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I often read articles saying something along the lines of "chmod 777 is bad!"

I was wondering:

How do I become vulnerable when I execute 'chmod 777' on a file?

What is a real world example of this that I can reproduce?

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Great question. – Mehrdad Jun 30 '12 at 5:09
up vote 14 down vote accepted

It allows filesystem content to be viewed and/or modified by anyone: assuming the attacker already has general system access which is very common on shared hosting platforms .. some are more "hardened" than others from the start. Here is a small incomplete list of possible attack vectors:

  1. "your safe code" could be overwritten with "their malicious code" which runs within the same web-server context .. could steal passwords/trojan, expose DB, delete content, etc. That is, someone else's code can run under your security context.
  2. Content (e.g. "script source") can possibly be viewed outside of the web-server (or owner) context. Have a "secure" password to connect to the DB? Well, not anymore...
  3. If content was protected by permissions (e.g. web-server couldn't access before), the web-server might be able to access/list sensitive information... not good if you didn't mean to share it. Different web-server configurations will also treat "listings" differently, which can also expose more than is desired.

In the above I also assume "group" to include the web-server principal and that there is a web-server (and/or shared hosting) involved which can be used as a primary attack vector and/or security vulnerability. However, and I stress this again: the list above is not complete.

While not "guaranteed safety", using the most specific permissions can mitigate some vulnerabilities / exposure.

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Each digit in the chmod command represents an octal (3-bit) number. With three digits, that's 9 bits total. Each bit represents a permission; 1 == has permission, 0 == does not have permission.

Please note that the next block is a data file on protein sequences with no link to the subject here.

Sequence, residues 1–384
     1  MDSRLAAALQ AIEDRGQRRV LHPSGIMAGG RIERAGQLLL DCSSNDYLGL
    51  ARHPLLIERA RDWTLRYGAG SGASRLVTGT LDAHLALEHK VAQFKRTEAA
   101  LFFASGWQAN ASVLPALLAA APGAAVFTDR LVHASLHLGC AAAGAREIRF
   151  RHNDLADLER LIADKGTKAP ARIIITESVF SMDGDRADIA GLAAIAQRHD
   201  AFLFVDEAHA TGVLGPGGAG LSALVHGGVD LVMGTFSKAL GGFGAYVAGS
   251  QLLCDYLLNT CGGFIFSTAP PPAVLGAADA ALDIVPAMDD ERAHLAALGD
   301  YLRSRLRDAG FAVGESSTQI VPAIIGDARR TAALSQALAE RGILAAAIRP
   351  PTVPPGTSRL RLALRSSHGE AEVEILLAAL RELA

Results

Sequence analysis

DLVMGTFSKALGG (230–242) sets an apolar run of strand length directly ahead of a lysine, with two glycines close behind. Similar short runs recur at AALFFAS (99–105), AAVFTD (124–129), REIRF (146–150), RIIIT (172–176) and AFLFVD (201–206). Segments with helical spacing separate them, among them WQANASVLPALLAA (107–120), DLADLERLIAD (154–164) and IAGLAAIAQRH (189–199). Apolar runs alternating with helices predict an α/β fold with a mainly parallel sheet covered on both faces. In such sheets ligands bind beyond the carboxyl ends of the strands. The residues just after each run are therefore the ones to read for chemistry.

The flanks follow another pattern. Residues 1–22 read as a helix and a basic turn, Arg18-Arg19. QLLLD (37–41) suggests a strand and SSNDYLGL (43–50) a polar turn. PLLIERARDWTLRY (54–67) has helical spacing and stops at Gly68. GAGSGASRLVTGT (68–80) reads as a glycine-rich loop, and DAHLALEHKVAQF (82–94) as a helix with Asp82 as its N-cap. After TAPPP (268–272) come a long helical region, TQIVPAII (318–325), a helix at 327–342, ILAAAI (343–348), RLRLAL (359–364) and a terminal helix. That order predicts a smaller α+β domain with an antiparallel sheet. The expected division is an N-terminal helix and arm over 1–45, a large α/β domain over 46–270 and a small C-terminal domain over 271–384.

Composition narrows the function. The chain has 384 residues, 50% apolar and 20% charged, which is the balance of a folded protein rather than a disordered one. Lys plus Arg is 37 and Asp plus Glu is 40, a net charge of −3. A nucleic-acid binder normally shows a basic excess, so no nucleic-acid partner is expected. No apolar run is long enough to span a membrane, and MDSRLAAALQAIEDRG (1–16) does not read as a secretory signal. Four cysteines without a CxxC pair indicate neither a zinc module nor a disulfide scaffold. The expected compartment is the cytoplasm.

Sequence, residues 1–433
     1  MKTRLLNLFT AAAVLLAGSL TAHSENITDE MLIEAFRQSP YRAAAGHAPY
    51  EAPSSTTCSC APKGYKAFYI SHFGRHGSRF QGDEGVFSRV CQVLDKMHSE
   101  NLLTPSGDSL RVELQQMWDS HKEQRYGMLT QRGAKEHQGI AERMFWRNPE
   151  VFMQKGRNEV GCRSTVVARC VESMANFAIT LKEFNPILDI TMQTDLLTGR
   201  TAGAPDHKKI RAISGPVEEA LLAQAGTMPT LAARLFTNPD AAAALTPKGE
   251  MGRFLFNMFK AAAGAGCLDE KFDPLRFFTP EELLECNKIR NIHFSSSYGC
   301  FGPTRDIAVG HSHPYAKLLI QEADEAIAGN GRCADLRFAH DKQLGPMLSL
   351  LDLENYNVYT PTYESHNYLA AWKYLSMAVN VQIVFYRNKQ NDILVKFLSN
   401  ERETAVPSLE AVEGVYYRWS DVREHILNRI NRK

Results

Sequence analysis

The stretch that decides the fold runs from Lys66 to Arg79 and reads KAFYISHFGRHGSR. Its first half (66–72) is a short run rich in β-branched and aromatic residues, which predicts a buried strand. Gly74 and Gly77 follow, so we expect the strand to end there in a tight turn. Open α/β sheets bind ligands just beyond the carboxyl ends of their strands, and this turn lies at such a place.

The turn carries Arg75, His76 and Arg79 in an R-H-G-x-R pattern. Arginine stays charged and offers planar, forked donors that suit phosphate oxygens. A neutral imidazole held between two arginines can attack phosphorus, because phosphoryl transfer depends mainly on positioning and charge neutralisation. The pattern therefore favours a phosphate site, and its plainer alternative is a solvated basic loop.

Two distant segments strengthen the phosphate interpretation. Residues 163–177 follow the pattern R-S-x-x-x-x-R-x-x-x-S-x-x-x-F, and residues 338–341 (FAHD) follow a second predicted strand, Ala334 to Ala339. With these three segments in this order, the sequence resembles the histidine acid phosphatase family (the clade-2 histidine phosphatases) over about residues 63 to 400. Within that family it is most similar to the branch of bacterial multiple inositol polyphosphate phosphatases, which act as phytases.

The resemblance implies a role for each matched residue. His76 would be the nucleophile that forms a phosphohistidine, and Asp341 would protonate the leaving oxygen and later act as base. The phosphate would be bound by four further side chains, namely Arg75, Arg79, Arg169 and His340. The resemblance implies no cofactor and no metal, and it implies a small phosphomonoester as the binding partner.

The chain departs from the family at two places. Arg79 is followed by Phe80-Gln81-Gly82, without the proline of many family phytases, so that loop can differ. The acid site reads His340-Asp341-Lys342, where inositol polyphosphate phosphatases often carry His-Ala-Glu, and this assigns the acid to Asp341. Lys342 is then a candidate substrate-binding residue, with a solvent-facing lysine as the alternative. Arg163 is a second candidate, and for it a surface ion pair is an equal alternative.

The three bits in each digit represent read (binary 100 == decimal 4), write (binary 010 == decimal 2), and execute (binary 001 == decimal 1). Decimal 7 is read+write+execute permission.

The first digit of a chmod command represents the permissions of the owner of a file or directory. The second is for the group. The third is for the "universe" -- that is, everyone else.

So, chmod 777 represents read, write, and execute permission for you, the group, and everyone. This is usually much greater access than is required.

For your real-world example, imagine if a file called my_bank_account_credentials were altered with chmod 777. Not very safe! A malicious user could change what's in there or just read it and happily take your money.

For servers, the chief danger is that an exploited bug in the server code could allow an attacker to access anything that the server process has rights to -- which would include anything that has the 777 permission set.

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Er, I think the OP is asking how "A malicious user could change what's in there or just read it and happily take your money.", not what 777 means. – Mehrdad Jun 30 '12 at 5:20
Just being thorough. :) – Alanyst Jun 30 '12 at 5:22

chmod is the CHange MODe command. The 777 indicates the permissions. there are three groups of people who can have permissions (each one gets their own digit), in order: Owner (of the file or directory, the first 7), group (everyone who belongs to the same group as the owner, second 7), and world (third 7).

Owner is the user of the file - that'd be you. In the *nix world, users belong to groups. So you might be user/owner Bob in group Marketing. This model lets you do things like say Bob can read/write the file, the rest of marketing can only read the file, and other users can read the file.

Each digit in the 777 is a binary representation of: rwx (read/write/execute). So a chmod of 755 means: 111(7) - Owner can read write execute 101(5) - other in the group can execute or read, no write 101(5) - rest of world can read and execute, no write.

That setup means you can read/write and execute your files, but the people visiting your site can only read or execute the file. Thus you need to set programs in your cgi-bin to 755, so people can execute the file as a program.

If you set the permissions to 'chmod 644', you get a file that can be written by you, but can only be read by the rest of the world. This is good for straight HTML files so that no hanky panky goes on. But try and execute a file with permissions of 644 and you'll get an error.

CHMOD 777 will allow everyone to make changes to the files of your server, it will give them WRITE condition and everyone knows that it's bad.

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